Sunday, July 13, 2008

Sunday, July 13, 2008 - Clashes Erupt in Pakistan's NW; Adm Mullen Makes Surprise Visit

Clashes Erupt in Pakistan's NW; Adm Mullen Makes Surprise Visit

At least 20 people were killed Saturday in fighting between security forces and pro-Taliban insurgents in volatile northwestern Pakistan, according to officials and witnesses.

The violence came during an unannounced, one-day visit to Pakistan by Adm. Michael Mullen, the Joint Chiefs of Staff chairman. Mullen met with President Pervez Musharraf; Pakistan's army chief, Gen. Ashfaq Kiyani; and other officials before returning to Washington.

During his meetings, Mullen expressed concern about insurgents flowing into Afghanistan from Pakistan, according to his spokesman.

The fighting Saturday began when insurgents attacked an army convoy near the town of Zargari in North-West Frontier Province, a region where the Taliban has gained strength in recent months. Witnesses said the insurgents fired rockets, grenades and automatic rifles at the security forces, who responded with heavy fire from ground artillery and helicopter gunships.

A local official, speaking on the condition of anonymity, said as many as 16 paramilitary soldiers were among the dead. Local officials said five insurgents were killed, but Taliban sources said one of their fighters had died.

Residents said four civilians were killed in indiscriminate fire from both sides.

"It is really sad that our whole town suddenly became a battleground between local Taliban and security forces, which has paralyzed life," said Mohammand Aurangzeb, a teacher.

Tensions have been high in the area since last week, when security forces arrested six Taliban fighters. In retaliation, insurgents attacked a police station and captured 29 people.

"We will release them only when the government frees our Taliban prisoners," Maulvi Omar, the spokesman for the Pakistani Taliban, said in an interview Friday. He threatened to kill the captives, who he said include soldiers, paramilitary forces and police.

Since coming to power in February elections, the government has been trying to negotiate with insurgents. But after months of failed talks, the government has moved troops into the restive regions.

Meanwhile, mortar fire from Afghanistan wounded several Pakistani soldiers Friday in the turbulent tribal area of South Waziristan. Pakistani Maj. Gen. Athar Abbas told the Associated Press it was unclear whether the fire came from NATO-led foreign forces or Afghan forces. He said Pakistani troops returned fire, and "casualties were reported on the other side."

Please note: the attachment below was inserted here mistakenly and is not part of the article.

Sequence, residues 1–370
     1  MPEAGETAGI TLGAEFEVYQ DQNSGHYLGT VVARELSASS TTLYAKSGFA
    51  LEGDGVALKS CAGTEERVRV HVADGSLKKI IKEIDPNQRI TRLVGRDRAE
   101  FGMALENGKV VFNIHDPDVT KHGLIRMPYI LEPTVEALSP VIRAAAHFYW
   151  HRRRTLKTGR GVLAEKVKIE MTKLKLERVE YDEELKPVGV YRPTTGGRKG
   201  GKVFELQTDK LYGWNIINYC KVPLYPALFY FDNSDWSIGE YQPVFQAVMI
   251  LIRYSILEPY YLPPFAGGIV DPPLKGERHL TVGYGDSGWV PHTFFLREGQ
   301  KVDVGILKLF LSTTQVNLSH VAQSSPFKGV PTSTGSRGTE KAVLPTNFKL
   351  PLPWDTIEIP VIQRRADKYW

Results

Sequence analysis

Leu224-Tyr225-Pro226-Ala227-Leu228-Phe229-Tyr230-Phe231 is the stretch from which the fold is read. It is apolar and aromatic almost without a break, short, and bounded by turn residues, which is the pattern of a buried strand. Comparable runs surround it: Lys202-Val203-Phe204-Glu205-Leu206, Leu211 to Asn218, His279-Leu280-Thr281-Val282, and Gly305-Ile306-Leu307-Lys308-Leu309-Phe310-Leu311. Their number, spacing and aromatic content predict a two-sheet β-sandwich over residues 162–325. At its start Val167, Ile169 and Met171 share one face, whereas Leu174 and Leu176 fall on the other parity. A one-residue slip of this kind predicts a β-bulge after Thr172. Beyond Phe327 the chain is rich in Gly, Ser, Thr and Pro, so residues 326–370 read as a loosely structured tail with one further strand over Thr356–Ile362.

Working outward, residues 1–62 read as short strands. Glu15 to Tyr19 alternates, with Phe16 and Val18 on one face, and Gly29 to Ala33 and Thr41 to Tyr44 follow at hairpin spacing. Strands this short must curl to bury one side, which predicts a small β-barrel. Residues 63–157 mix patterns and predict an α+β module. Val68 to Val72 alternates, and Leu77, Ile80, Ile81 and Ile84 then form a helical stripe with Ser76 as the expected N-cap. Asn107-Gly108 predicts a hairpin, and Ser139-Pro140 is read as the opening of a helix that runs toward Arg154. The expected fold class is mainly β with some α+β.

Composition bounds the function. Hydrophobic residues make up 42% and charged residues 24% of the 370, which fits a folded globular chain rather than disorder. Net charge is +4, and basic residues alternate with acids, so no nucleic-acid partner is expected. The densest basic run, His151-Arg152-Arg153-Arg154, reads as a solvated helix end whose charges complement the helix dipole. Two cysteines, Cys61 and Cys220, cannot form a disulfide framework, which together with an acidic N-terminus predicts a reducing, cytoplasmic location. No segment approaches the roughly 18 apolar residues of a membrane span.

The incident came a month after Pakistan reported that 11 soldiers were killed along the Afghan border when U.S.-led forces dropped more than a dozen bombs in and near Pakistan's tribal regions. At the time, U.S. and Pakistani officials indicated that the incident pointed to the need for better coordination.

Hot Pursuit Into Pakistan?

War On Terror: As Washington moves an aircraft carrier off Pakistan's coast, U.S. commandos are reportedly poised to launch raids against terror targets inside Pakistan. It's about time.

It appears hawks within the Pentagon and CIA have won a long-running policy battle with risk-averse officials in the administration and diplomats at the State Department. The result is a more aggressive, go-it-alone policy in response to Pakistan's failure to disrupt terrorist training camps and cross-border attacks against our troops and the Afghan government.

Politics and diplomacy had not produced the desired results, and they've had ample opportunity to work. For nearly seven years now — as we've coaxed, cajoled and even bribed our "ally" with billions in aid — Osama bin Laden and his henchmen have remained hidden inside Pakistan's tribal areas. Patience with Islamabad has run out. It's time for unilateral military action.

The U.S. military confirms it is sending extra air power to the Afghanistan-Pakistan border by moving the aircraft carrier USS Abraham Lincoln from the Persian Gulf to the Gulf of Oman. The battle group ostensibly will provide air support for special forces who reportedly have been given the green light — after tumultuous debate within the White House — to conduct raids deep inside Pakistan's tribal belt to eradicate al-Qaida and Taliban bases.

According to a Houston Chronicle report, quoting both Democrat and Republican lawmakers who recently received a briefing from U.S. commanders in the region, the White House has authorized a secret plan to deploy commandos into Pakistan's tribal areas.

Islamabad's ineffective campaign makes it "imperative that U.S. forces be allowed to pursue the Taliban and al-Qaida in tribal areas inside Pakistan," said Rep. Michael McCaul, R-Texas. "If we don't do something now, they're going to strike us again (in the U.S.), and it is going to be out of this area."
His concern echoes that of the chairman of the Joint Chiefs of Staff, who recently returned from Islamabad warning that the next al-Qaida attack on America will originate from inside Pakistan if we can't convince our ally to stop cutting peace deals with our enemy and deny it safe haven.